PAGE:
Cannabis: A Unique Perspective

The article below was written by Jim Lauria posted to Linkedin. This is a great article on the potential future growth of the cannabis market and role ozone oxidation may play in this industry.

Original article link HERE

Cannabis: A Unique Perspective

The cannabis industry is riding sky-high and heading for the clouds as legalization expands and markets grow. Cannabis growers are also poised to lead agriculture in water use efficiency and gain an upper hand in long-term contests over access to precious water.

I have a unique perspective on cannabis. For one thing, I have been studying water use in the crop since researching my first article on the topic in 2017, and continuing through the current day. In fact, I recently co-authored an article for Ozone News with Tony Sacco of Spartan Environmental Technologies on the many uses of ozone in cannabis production and processing, and presented on the subject at the International Ozone Association’s 2021 U.S. conference.

But my unique perspective is much older, and much more unique. Back in the 1980s, I was an environmental engineer at one of the largest sugar mills in the world, which also operated the largest furnace in the Florida county where we were located. I would often get a call from the county asking for help burning caches of old documents. Imagine my surprise when one of those document destruction runs turned out to be a 6-ton load of confiscated marijuana that the county sheriff needed to destroy! Let’s just say that our stack emissions that day may well have set a record for the world’s biggest bong

In all seriousness, most states—including Florida—have legalized some form of cannabis use or decriminalized the drug, opening markets to many very sophisticated growers. The pressure to deliver the most crop per drop, especially in irrigated crop production areas like the West and parts of the South, make water too precious to apply to crops that can be rainfed, and will likely tip the balance toward high-value crops like cannabis. The water industry has much to learn from producers who have spent decades fine-tuning their water use efficiency and growing techniques—and a lot to gain from exploring how our technologies fit this top-dollar crop.

Booming Market

One of the biggest drivers behind cannabis’ inevitable domination of water resources is the staggering value of the crop. According to Grand View Research, the global market for legal marijuana was estimated at $9.6 billion in 2020 and is expected to expand at a compound annual growth rate of 26.7% from 2001 through 2028. Cannabis is already the largest crop in California—the state that produces one-third of the country’s vegetables and two-thirds of its fruit. At $11 to $17 billion per year and 60 to 70% of the nation’s pot sales, California’s cannabis crop dwarfs the number-two agricultural product, the state’s $6.7 billion milk and cheese industry.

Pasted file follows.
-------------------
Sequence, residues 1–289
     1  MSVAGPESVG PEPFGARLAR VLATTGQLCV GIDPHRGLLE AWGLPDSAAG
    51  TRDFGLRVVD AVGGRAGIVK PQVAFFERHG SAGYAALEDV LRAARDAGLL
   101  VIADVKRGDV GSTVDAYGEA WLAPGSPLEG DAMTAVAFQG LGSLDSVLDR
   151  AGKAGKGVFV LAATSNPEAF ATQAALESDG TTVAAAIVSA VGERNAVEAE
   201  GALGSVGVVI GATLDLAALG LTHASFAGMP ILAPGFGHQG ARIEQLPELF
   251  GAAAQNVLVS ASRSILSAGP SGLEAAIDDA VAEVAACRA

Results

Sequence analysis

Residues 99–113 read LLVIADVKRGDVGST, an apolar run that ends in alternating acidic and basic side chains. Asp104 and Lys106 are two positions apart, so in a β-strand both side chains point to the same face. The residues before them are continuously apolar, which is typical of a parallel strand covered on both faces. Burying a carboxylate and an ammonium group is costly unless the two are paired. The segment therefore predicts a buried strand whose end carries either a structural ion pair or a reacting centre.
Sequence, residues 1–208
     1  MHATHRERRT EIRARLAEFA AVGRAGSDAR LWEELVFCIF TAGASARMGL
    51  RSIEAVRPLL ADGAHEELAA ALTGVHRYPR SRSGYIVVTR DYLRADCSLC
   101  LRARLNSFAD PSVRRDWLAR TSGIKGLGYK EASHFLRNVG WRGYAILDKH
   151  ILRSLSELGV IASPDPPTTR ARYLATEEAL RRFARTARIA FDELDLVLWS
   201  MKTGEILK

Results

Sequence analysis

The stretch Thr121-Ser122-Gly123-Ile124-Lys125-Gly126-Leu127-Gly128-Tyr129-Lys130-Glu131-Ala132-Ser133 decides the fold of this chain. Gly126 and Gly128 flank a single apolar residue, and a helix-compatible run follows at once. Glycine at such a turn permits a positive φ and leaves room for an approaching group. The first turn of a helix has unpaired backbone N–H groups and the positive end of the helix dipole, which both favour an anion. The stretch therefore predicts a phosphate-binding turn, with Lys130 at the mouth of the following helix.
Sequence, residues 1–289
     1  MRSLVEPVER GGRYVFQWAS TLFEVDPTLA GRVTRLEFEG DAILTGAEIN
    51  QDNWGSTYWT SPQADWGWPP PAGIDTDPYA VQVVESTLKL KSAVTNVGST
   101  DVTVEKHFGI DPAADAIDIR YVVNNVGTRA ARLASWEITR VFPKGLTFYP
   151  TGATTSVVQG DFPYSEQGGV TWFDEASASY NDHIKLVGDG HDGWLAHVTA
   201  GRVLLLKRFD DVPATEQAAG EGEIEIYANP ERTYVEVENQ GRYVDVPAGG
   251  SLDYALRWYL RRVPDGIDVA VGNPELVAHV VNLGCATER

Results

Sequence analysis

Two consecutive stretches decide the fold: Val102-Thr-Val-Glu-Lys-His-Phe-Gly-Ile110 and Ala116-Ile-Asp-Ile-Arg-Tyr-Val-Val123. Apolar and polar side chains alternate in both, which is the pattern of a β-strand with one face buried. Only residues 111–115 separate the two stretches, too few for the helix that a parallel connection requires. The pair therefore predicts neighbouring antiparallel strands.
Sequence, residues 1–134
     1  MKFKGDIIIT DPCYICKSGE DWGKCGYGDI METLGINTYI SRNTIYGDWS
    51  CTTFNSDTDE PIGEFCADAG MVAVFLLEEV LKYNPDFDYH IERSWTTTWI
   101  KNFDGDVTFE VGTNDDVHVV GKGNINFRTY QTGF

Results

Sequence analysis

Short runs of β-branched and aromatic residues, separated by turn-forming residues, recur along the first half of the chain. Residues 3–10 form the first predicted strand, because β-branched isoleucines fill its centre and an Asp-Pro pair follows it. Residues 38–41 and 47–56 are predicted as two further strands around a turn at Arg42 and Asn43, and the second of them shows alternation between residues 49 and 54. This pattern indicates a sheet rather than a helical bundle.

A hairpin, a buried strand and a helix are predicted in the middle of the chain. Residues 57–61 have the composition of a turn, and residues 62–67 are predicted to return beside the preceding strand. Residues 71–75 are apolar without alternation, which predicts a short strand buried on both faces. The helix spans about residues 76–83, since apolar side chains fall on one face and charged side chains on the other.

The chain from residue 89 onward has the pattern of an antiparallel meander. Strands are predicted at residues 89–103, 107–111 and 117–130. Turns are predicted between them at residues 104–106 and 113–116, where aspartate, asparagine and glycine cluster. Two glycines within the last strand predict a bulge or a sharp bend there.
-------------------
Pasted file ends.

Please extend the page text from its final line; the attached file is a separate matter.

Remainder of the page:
You probably noticed the disparity between the Grand View figures and the California numbers. The difference is the illegal cannabis market. According to Ted Grantham, co-director of the cannabis program at the University of California, Berkeley, legal cannabis farms represent just 20 to 25% of the state’s total cannabis operations. That means there is a vast number of small, unregulated cannabis farms in the state, many of which are tapping water supplies illegally. What we don’t know is how many farms or how much water, though indications in rural counties in California’s Emerald Triangle are that water demand for cannabis is so high that it is affecting streams and residential wells. Though those operations are off-the-books, their water management tactics will also need to incorporate efficient water technologies, too.

Astronomical Returns

With such massive revenue numbers, it’s no surprise that cannabis cultivation generates huge returns on water—astronomical “crop per drop.” A study by the Denver University Law Review found that cannabis production in Colorado returned 22 cents to $6.67 per gallon of water used, and compared that to potatoes—another huge Colorado crop—which returned 2 to 3 cents per gallon.

Part of the disparity goes back to the value of the crop. Think of it—you’re comparing a crop that’s sold by the gram to a commodity that’s marketed in 10-pound bags…and wholesaled in 50-to-100-pound increments. In January 2021, cannabis flower wholesaled at $1,721 per pound in Colorado, according to MJBiz Daily, while 100 pounds of Colorado russet potatoes sold for $17.00 wholesale. That’s a 100x difference. Ten thousand percent.